History in Three Keys: The Boxers as Event, Experience, and Myth

By Paul A. Cohen | Go to book overview

CHAPTER 4
Magic and Female Pollution

At midnight on the eighteenth day [ June 14, 1900] three churches [in Tianjin's Chinese city], the one inside the West Gate, the one in front of the garrison headquarters, and the one at the entrance to the granary, were burned down by the Boxer bandits. . . . While the church at the granary entrance was burning, the flames spread to a dozen or so private residences next door and across the street. The bandits passed the word around that, just as they were setting fire to the church in question, some woman from across the way had come out of her home and spilled dirty water. Their magic was therefore destroyed, and the misfortune extended [beyond the church]. On the basis of this [explanation], the families whose homes had been burned down didn't resent the Boxer bandits; they all cursed the woman. People who have complete faith in the Boxer bandits' claims say that, as [the Boxers] were on the point of setting fire to the churches, several dozen Red Lanterns ascended high into the air and circled around each church once. After this the Boxer teacher recited an incantation and pointed toward the doorway of the church with a stick of incense, at which point the fire started. . . .

After burning down these churches, the Boxer bandits issued orders to all families not to eat meat for three days. They also instructed women not to go out of their homes at night and not to throw dirty water into their courtyards, lest they give offense to the gods and incur blame. . . .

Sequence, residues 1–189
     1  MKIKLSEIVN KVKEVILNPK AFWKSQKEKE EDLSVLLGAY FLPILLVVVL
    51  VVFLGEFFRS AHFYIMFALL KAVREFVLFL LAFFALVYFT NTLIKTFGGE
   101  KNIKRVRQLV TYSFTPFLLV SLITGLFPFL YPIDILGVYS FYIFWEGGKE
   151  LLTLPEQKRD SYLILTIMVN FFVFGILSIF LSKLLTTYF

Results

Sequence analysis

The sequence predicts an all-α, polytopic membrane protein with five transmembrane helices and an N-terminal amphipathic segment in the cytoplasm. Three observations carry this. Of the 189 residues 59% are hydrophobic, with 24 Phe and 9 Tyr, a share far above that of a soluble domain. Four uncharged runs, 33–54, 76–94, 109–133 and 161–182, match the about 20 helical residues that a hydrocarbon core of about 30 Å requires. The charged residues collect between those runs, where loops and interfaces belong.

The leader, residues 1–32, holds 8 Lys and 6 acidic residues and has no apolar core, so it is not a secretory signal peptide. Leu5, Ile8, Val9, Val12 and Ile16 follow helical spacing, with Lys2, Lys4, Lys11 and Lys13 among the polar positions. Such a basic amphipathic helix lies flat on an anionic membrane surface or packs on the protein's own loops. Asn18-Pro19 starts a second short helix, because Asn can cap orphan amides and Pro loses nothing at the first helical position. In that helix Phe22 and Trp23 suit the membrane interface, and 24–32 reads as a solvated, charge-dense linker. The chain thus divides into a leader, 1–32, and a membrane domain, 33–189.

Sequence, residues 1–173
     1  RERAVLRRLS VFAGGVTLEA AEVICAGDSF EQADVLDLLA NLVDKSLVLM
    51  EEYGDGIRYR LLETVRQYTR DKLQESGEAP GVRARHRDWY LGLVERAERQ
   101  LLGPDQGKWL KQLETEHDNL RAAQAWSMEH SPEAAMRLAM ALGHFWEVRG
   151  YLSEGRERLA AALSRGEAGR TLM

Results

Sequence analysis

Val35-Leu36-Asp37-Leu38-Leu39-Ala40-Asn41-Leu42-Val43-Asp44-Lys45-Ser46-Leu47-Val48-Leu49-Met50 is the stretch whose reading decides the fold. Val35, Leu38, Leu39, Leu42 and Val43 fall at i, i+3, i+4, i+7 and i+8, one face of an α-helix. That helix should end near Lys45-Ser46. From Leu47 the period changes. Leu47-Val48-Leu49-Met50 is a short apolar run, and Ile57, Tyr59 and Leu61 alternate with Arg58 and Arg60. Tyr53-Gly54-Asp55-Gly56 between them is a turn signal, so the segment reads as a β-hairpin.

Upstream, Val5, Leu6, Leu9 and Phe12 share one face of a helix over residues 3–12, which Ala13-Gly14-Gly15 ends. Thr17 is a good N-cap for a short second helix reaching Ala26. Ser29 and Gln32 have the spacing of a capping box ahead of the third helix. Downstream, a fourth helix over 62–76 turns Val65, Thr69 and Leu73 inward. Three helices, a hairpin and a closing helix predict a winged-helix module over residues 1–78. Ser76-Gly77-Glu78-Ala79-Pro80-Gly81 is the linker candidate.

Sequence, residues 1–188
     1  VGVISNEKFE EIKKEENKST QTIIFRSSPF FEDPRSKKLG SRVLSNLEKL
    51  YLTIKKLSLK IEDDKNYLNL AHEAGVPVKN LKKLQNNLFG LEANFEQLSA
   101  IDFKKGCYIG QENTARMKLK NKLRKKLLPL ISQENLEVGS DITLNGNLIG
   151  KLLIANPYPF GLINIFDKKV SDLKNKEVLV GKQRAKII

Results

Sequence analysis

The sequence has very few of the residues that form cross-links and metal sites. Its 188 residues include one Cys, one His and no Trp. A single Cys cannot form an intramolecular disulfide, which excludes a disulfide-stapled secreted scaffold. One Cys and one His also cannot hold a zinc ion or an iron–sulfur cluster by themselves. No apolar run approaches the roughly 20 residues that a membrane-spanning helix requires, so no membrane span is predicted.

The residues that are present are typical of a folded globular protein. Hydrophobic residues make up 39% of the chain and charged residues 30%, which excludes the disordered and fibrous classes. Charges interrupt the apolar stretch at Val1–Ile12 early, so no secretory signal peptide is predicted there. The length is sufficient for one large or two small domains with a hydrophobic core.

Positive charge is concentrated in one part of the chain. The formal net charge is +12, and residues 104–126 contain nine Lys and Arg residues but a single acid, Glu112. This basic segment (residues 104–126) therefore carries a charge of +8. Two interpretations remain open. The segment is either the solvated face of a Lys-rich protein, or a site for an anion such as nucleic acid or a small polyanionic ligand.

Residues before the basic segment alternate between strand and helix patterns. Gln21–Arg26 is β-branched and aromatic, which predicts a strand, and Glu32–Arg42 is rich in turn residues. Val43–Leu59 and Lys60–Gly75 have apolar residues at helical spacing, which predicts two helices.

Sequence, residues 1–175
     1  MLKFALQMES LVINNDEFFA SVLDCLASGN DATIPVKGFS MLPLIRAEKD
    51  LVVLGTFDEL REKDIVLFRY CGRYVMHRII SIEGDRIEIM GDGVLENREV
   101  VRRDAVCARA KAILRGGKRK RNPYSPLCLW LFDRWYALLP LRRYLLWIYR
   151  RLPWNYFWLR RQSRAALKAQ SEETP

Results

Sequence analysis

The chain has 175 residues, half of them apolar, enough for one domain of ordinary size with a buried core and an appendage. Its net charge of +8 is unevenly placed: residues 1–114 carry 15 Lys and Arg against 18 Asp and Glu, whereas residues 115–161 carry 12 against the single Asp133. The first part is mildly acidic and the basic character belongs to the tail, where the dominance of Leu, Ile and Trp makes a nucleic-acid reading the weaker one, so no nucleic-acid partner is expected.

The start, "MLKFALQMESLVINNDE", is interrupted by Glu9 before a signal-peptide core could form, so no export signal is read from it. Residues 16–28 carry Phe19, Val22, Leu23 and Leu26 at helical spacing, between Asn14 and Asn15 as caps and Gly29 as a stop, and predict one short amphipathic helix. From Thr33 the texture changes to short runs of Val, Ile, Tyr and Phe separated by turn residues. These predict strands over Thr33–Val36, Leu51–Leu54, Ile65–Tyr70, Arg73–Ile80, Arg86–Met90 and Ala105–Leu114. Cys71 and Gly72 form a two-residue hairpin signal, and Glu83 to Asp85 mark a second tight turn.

On the twenty-second day [June 18], from early morning until noon, the sound of gunfire was constant. Supporters of the Boxer bandits said: "When the fighting began between the Boxers and the foreigners, the foreigners were unable to hold their own. Then, suddenly, in the midst of the foreign army there stood a naked woman. The Boxers'magical powers were thwarted, and they dared not advance."

Liu Mengyang, resident of Tianjin1


Boxer Magic and the Question of Efficacy

Chinese, as well as foreigners, who have written on the Boxer movement, either as contemporary witnesses or latter-day scholars, have consistently --

-119-

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History in Three Keys: The Boxers as Event, Experience, and Myth
Table of contents

Table of contents

  • Title Page iii
  • Contents vii
  • List of Illustrations ix
  • Preface xi
  • Acknowledgments xvii
  • Part 1 - The Boxers as Event 1
  • Prologue - The Historically Reconstructed Past 3
  • Chapter 1 - The Boxer Uprising- A Narrative History 14
  • Part 2 - The Boxers as Experience 57
  • Prologue - The Experienced Past 59
  • Chapter 2 - Drought and the Foreign Presence 69
  • Chapter 3 - Mass Spirit Possession 96
  • Chapter 4 - Magic and Female Pollution 119
  • Chapter 5 - Rumor and Rumor Panic 146
  • Chapter 6 - Death 173
  • Part 3 - The Boxers as Myth 209
  • Prologue - The Mythologized Past 211
  • Chapter 7 - The New Culture Movement and the Boxers 223
  • Chapter 8 - Anti-Imperialism and the Recasting of the Boxer Myth 238
  • Chapter 9 - The Cultural Revolution and the Boxers 261
  • Conclusion 289
  • Abbreviations 299
  • Notes 301
  • Glossary 375
  • Bibliography 383
  • Index 415
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